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Based on my experience the leafed-out ones are better, they have sap flowing well. The ones not leafed out yet will be slower to take.

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Thanks for all the suggestions and tips. I grafted them today and placed the grow bags in the grow tent which is at 77 degrees. We’ll see what happens. When the temperature warms up outside I’ll try to do some backup grafts with the leftover material on some plum trees that could use a few new varieties attached to them.

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FYI. I have grafted plums (in ground trees) when leaves start to push and weather is around 50’s for the past 4 - 5 years. Almost all grafts took. The only few that did not take were because of poor quality scionwood. I grafted about 40 scions of plums (Euro and Asian), hybrids, pluots, plumcots, etc.

I’d say low temp is not an issue when grafting plums. How well your new rootstocks establish is the main focus here.

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It’s been exactly 2 weeks since I grafted the apricots to the leafed-out and still dormant rootstocks, and placed the grow bags with the grafts into a 75-80 degree artificial light 80-90% humidity grow tent. They haven’t moved from the grow tent or been touched in any way in 14 days (except to water them). Here’s 3 of the apricot grafts. (#1 and #3 are from the leafed out rootstocks and #2 is from a dormant rootstock):

I moved them outside today. Do you think putting them in partial sun/partial shade on my porch is the right choice at this stage? Does this degree of leaf growth signal a form or success in your opinion? or is it still to early to tell?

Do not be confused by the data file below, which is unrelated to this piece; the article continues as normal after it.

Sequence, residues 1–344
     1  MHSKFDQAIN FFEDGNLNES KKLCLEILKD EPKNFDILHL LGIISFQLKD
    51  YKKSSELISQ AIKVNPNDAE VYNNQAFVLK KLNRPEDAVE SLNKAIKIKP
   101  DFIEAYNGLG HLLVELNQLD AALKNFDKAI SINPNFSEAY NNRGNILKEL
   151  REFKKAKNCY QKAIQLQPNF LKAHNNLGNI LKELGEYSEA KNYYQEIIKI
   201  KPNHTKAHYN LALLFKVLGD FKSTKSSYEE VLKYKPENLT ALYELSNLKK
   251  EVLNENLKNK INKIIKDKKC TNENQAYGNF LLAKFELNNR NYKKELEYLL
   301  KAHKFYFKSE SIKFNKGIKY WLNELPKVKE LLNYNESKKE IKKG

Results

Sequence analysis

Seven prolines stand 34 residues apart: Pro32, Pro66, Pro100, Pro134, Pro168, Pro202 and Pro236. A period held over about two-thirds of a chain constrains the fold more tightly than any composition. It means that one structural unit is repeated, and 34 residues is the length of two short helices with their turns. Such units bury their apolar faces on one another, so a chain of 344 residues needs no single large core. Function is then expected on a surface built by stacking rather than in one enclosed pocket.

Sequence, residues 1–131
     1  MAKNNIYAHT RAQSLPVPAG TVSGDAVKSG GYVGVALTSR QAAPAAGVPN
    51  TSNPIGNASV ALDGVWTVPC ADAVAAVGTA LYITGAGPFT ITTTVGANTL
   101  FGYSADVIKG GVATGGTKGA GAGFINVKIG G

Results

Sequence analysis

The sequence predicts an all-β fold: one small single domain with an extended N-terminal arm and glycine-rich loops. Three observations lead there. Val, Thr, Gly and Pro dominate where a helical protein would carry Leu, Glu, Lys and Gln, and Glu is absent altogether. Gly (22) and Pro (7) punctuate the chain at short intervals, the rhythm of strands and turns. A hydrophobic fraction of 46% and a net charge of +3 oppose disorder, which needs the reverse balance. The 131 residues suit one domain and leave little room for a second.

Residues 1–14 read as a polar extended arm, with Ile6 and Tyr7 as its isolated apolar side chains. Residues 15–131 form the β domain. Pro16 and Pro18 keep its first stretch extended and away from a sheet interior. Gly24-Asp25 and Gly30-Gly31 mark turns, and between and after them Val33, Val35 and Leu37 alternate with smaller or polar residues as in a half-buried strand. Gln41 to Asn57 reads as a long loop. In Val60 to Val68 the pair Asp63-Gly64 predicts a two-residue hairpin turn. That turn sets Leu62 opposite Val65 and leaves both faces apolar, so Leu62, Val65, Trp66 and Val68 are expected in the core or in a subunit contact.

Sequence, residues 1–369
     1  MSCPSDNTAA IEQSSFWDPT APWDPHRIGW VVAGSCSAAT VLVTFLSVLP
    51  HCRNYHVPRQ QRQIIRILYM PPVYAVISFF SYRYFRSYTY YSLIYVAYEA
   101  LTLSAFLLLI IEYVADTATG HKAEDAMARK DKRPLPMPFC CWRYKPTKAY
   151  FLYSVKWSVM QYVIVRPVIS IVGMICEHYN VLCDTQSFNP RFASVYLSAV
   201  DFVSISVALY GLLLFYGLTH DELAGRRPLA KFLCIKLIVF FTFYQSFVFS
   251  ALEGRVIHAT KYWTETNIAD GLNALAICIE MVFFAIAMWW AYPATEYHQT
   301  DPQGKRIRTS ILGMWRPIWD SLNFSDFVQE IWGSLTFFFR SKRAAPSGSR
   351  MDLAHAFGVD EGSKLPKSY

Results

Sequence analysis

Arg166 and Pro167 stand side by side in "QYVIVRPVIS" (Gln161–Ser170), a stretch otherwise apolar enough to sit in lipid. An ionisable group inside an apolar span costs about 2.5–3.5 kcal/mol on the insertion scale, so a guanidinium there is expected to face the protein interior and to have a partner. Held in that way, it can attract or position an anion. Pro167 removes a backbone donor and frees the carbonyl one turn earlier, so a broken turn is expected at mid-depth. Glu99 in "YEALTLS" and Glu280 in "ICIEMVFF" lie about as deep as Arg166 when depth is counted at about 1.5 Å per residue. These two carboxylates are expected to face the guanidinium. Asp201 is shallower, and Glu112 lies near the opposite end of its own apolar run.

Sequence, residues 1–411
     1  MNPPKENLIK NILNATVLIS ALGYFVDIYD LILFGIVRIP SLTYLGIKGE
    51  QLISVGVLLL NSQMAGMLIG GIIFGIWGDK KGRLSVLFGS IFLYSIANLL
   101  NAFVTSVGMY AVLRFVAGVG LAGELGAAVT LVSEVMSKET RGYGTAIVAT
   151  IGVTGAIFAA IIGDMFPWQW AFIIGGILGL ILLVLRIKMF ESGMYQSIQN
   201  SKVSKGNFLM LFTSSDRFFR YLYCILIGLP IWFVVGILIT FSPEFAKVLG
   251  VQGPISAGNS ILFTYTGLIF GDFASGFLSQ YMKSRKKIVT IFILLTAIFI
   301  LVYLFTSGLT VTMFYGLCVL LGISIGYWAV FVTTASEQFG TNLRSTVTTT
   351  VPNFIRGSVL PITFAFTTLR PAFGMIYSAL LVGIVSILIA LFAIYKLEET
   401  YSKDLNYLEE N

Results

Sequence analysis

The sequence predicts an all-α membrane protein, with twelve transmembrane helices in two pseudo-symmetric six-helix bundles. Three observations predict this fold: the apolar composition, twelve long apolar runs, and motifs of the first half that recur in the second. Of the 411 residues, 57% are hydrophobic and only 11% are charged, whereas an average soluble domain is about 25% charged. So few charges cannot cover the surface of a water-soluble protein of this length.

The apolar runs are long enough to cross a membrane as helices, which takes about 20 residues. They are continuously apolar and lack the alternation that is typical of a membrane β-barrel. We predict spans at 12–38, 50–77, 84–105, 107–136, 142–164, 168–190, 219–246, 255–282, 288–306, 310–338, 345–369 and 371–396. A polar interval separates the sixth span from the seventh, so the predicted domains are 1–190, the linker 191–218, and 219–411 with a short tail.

Thanks again for all of your advice and suggestions.
-Kevin

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All of these look like successful takes to me.

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If they all succeed (there’s a fourth that is less far along as these three but is still leafing out slowly) then I guess it didn’t matter that 1/2 the rootstocks were leafed out and 1/2 were dormant. The results appear to be the same for both conditions.

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I have 2 Shaa-Kar-Pareh Apricots on Marianna root stock. The root stocks appear to be sending up strong shoots from below and I was wondering if I could cut these off with roots and make new apricots/plumcots out of them via grafting? Has anyone else tried this?

I think if you have sufficient root mass, it probably will work. My marianna suckers are useless.

Actually I just looked and the most precocious one is on Citation. Does that make a difference?

What did you mean about your marianna suckers being useless? I’m asking because I dug up some Marianna rootstocks during dormancy to use as independent rootstocks this spring. I got some roots with them, but they were also attached (and therefore being fed by) a very large root from the large Marianna mother tree (well, rootstock) so I’m anxious to see if the few roots I got along with the suckers will be enough to help them live, or if cutting them off the big, main root, was enough to kill them. I’ve done this with some wild plum suckers and had good luck, but haven’t done it with Marianna.

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I meant mine were attached to the large roots without having roots of their own. I could not separate them from those big roots. If I could, those suckers would be useful, of course.

Maureen - citation appears to have dwarfing effects. I have not heard from many people in the east who have their fruit trees on citation.

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That’s interesting. Both trees appear to have equal vigor and to be similar in size. I’ll take photos and post them later. Thank you for weighing in on this!